"There are so many women on our set—it's so cool. I feel a different kind of energy, this feminine energy. Not only because the cast is dominated by women, but also because props and costume and grips and lighting and camera operators are too," Zoë told Reese in their chat for Harper's Bazaar. "My experience doing all my emotional scenes, I've never felt so safe and supported. It's really allowing me to go to a deeper place."
And that deeper place can lead to disagreements, with Reese and Nicole opening up about their process as producers during the show's panel at the 2019 Summer TCA press tour.
"We'll disagree. And then, we'll find an agreement," Reese said their conversations as both producers and actors, with Kidman continuing, "Disagree, and then we'll go, 'OK, well, but I'm coming at it from this point of view with the character, and that..." and it's fantastic to be in it together. I just love having, fellow partners and women who go, 'This is–' and they're so smart, so everyone's contributing, and being able to be a part of that group, I've never had that. And it's lovely at this stage of my life and career to be doing something that I've never done before."
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And during that panel, the women opened up about their downtime, with a playful argument taking place on stage when Reese jokingly revealed, "I pay...none of these girls ever pull out their credit card! OK, Meryl paid once!"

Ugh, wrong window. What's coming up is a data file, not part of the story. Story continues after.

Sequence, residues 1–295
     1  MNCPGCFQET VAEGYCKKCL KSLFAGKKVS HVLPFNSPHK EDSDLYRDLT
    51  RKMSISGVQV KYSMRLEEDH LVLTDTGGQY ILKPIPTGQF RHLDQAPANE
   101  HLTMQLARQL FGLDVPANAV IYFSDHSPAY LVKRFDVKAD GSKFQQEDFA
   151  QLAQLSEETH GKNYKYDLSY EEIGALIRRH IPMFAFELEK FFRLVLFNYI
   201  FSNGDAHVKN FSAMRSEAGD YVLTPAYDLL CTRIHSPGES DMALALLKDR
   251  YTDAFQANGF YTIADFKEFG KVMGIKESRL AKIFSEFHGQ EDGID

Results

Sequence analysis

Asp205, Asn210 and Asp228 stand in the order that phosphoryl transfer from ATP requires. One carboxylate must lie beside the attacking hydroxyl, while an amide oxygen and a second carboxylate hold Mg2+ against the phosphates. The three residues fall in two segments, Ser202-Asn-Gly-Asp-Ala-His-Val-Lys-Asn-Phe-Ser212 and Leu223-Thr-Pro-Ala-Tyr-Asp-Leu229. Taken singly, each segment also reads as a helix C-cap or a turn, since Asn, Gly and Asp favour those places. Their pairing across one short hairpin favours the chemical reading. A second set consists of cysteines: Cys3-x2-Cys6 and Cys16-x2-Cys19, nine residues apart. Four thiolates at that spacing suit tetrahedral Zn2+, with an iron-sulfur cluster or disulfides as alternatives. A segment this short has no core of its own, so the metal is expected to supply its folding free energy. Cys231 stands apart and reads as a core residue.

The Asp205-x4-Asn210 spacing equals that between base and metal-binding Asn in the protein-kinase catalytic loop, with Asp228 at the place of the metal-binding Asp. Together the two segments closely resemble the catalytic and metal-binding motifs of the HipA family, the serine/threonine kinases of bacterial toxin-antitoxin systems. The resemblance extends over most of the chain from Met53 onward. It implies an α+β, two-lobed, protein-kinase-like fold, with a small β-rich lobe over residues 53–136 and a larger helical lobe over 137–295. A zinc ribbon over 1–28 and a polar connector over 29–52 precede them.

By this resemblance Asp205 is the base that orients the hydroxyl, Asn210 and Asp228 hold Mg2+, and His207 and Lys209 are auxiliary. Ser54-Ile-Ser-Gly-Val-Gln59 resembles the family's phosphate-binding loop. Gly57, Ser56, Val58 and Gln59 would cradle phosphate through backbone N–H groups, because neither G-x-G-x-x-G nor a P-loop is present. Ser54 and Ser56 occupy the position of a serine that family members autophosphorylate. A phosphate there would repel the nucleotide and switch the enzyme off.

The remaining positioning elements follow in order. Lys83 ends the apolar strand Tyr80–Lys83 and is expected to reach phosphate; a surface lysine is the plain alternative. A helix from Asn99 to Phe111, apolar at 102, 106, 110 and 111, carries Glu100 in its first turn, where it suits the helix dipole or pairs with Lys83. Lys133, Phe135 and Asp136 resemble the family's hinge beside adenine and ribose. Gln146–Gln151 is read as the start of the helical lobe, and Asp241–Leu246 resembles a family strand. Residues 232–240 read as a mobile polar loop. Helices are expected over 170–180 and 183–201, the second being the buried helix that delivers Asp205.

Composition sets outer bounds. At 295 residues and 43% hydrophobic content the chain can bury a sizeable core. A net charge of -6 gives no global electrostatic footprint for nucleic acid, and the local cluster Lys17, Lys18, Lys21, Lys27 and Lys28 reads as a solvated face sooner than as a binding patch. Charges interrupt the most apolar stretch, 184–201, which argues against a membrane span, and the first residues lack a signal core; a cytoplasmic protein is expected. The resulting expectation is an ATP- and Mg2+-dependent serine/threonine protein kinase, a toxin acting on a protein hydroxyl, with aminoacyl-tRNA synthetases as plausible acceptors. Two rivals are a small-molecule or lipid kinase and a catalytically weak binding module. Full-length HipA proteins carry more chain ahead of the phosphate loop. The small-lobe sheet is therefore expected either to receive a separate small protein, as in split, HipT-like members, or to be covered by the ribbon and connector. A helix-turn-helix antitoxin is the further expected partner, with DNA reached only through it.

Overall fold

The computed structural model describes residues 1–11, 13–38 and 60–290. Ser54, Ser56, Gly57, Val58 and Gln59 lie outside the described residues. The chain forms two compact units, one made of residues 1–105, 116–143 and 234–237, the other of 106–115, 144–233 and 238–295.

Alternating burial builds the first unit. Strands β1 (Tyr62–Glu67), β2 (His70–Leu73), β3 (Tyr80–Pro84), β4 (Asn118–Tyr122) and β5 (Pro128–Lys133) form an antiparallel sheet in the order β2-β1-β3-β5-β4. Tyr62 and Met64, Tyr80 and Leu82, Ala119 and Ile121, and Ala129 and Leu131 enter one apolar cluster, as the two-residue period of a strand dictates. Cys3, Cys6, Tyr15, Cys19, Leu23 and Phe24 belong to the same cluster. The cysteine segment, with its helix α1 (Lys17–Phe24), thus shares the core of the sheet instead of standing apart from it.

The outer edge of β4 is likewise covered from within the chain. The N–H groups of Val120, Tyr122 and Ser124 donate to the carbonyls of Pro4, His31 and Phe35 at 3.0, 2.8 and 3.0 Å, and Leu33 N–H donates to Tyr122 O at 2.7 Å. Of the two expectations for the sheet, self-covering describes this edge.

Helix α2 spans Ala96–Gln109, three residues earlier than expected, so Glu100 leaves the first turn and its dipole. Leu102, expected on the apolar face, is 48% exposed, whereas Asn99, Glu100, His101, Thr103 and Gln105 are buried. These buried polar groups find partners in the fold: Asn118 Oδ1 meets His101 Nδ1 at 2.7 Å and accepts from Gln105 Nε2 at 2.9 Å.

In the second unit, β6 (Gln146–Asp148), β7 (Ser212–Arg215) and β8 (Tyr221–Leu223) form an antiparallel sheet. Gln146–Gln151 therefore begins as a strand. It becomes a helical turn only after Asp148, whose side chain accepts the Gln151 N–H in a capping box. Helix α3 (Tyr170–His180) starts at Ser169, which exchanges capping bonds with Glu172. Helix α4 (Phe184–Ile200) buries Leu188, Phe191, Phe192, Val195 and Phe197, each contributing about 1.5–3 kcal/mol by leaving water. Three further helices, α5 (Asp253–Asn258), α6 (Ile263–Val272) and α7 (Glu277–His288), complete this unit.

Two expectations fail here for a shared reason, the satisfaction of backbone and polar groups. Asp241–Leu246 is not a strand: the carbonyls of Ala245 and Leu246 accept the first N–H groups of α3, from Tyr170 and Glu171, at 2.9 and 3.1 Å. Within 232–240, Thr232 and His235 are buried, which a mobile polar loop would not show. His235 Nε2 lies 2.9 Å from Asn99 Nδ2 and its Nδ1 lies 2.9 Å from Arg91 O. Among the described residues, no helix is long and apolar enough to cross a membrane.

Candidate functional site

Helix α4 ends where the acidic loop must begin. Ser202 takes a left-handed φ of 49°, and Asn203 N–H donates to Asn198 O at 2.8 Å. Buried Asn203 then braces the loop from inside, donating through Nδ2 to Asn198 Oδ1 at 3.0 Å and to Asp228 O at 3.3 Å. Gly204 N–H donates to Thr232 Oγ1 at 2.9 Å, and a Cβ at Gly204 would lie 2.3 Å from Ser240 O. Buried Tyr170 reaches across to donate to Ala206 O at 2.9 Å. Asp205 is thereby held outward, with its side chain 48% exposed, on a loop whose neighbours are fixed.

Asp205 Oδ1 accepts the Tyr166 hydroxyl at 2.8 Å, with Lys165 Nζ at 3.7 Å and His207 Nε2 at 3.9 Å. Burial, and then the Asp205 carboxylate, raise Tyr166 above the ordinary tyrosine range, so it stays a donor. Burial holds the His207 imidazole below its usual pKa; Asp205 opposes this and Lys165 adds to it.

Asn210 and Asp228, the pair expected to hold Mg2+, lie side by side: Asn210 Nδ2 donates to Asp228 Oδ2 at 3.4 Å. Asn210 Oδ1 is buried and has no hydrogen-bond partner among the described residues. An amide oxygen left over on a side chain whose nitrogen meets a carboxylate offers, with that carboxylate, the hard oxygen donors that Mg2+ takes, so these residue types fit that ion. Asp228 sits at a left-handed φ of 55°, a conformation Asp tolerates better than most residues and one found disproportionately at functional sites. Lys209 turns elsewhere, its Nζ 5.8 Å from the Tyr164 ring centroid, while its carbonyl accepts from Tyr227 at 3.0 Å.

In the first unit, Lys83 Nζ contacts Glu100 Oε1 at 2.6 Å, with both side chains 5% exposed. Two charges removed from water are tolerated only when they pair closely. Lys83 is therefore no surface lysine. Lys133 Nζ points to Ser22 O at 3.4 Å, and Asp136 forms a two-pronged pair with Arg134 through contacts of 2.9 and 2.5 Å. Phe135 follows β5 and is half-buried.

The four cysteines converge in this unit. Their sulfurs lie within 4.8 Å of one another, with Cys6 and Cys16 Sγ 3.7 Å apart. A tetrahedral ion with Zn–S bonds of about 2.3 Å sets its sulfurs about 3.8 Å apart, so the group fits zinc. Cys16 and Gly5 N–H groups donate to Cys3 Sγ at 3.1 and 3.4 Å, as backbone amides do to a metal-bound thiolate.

Nicole quickly chimed in that she pays as well, with Zoë then adding, "They won't let us pay! We've tried, Shailene!"
But, as Nicole noted, "You try, and we always pay. And we're producers. We should be!"
In case it wasn't obvious: These women genuinely like each other. Like really like each other.
They attend each other's husband's concerts, like Reese checking out a Keith Urban show in Nashville. Reese and Laura have gone on vacation together. They post throwback modeling shots of each other because it's "important." On Galentine's Day, they posted tributes to their five-member tribe.
They support each other's projects—whether it's the cast taking a field trip to see Shailene's new film together or Reese snapping photos of Zoe's YSL campaign ads to send to her whenever she sees them out in the wild—and celebrate major milestones, like birthdays and book releases.
Filming season two proved to be just as magical of an experience for the ladies as well, filled with long dinners and group activities when they weren't on set.
"Our dinners are like 10-day vacations on a deserted island. Every dinner is three and a half hours minimum with food and wine," Laura told InStyle. We break it all down. It's how I think all of us feel when we get together with a group of women, particularly in the same field, like you've been crossing the desert for five days and you see water."
Reese and Nicole rented out a bowling alley for the cast and crew in June 2018, with their night making headlines after they posted photos of the group posing with bowling balls and beers...and Meryl Streep joining in on the fun.
"We work and we play!" Reese shared on Instagram during game night. "Bowl-a-Rama party with the ladies of #BigLittleLies! @nicolekidman #MerylStreep @shailenewoodley."
Nicole added, "Sunday night fun with our amazing #BigLittleLies crew."